Here's how inverted question mark looks like with a bunch of font I've just chosen without any particular system in my mind.

enter image description here

Those are very different fonts however in all of them the inverted question mark is visually very distinctive from the regular question mark. It's sort of looks bulkier as a rule of thumb.

My question would be - when it comes to typography, is reverted exclamation mark supposed to be completely symmetrical to the regular one or it differs in the majority of fonts? If what we see on the picture is completely fine, are there nevertheless some fonts where those marks are symmetrical?

Also, what about handwriting?

UPD: Guys I'm so stupid - like high class stupid, like very very stupid - it was indeed just bold typeface - however even this situation you've provided some very relevant and interesting data so I won't delete this particular question - let it be a monument to my stupidity and your amiability!

  • Maybe I'm wrong, but this may be an off-topic question as it is not about the Spanish language, but about typography and concerning a symbol that happens to be used in Spanish. You should ask this same question in the User Experience site, they have a "typography" tag this question could fit in.
    – Charlie
    Jun 7, 2019 at 23:34
  • 3
    @Charlie In this day and age, I’d say typing Spanish in a way that respects the conventions of fluent speakers is just as important as handwriting. It’s a simple question, but I don’t think it’s unreasonable. I’d say it’s similar to asking about whether a space precedes question/exclamation marks in French, which I think is an important point. Again this is just my opinion, somewhat playing devil’s advocate. Jun 7, 2019 at 23:50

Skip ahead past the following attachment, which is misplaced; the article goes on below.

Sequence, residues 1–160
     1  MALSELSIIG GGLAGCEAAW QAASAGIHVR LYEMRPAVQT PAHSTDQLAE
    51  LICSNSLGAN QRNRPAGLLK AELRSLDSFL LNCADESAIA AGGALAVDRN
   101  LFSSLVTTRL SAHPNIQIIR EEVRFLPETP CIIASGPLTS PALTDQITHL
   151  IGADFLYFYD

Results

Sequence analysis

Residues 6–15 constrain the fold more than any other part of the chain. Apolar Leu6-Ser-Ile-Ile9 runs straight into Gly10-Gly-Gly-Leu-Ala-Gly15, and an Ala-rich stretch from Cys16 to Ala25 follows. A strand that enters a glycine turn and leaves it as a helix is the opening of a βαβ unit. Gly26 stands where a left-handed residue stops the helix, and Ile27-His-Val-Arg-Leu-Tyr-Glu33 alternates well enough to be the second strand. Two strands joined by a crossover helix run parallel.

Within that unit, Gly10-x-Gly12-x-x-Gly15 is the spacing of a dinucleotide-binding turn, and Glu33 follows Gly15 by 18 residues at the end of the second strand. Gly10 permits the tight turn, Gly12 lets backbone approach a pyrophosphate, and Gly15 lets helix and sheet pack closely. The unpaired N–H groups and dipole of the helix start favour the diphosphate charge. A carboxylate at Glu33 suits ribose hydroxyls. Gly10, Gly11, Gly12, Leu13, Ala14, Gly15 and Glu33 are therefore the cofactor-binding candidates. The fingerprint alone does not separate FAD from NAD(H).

• @charlie actually, it's more on topic at graphic design SE where typography questions are on topic. Jun 10, 2019 at 22:23

2 Answers 2


What I see from the picture you provided is that in the picture the opening sings are kind of in bold font, while the rest of the sentence is not.

Question marks are supposed to be symmetrical (or being each an inverted version of the other). What you found is an oddity of that picture. If you check other posts on this site, you'll notice that there is no difference between opening and closing question/interrogation marks in Spanish.

Check the own documentation from the RAE and you'll see that nothing is mentioned about the opening question or interrogation mark being different from the closing one (except that one is the inverted version of the other: It doesn't say that they are symmetrical, but it is kind of self evident.)

interrogación y exclamación (signos de)

  1. Los signos de interrogación (¿?) y de exclamación (¡!) sirven para representar en la escritura, respectivamente, la entonación interrogativa o exclamativa de un enunciado. Son signos dobles, pues existe un signo de apertura y otro de cierre, que deben colocarse de forma obligatoria al comienzo y al final del enunciado correspondiente; no obstante, existen casos en los que solo se usan los signos de cierre

Maybe what you found (depending on where you found it) is for learners of Spanish to notice the opening signs, and get used to them. As RAE says

Los signos de apertura (¿ ¡) son característicos del español y no deben suprimirse por imitación de otras lenguas en las que únicamente se coloca el signo de cierre: Qué hora es? Qué alegría verte! Lo correcto es ¿Qué hora es? ¡Qué alegría verte!

What you found is definitely an oddity and not a norm.

In handwriting the same rule applies: one sign is the inverted version of the other, there's no more.

To learn more check other questions like:


This is a comment that won't fit into the comment box.

In support of Diego's observation that the inverted question mark seems to be in bold:

various different fonts

The first question mark seems to be a simple rotation of the ending question mark.

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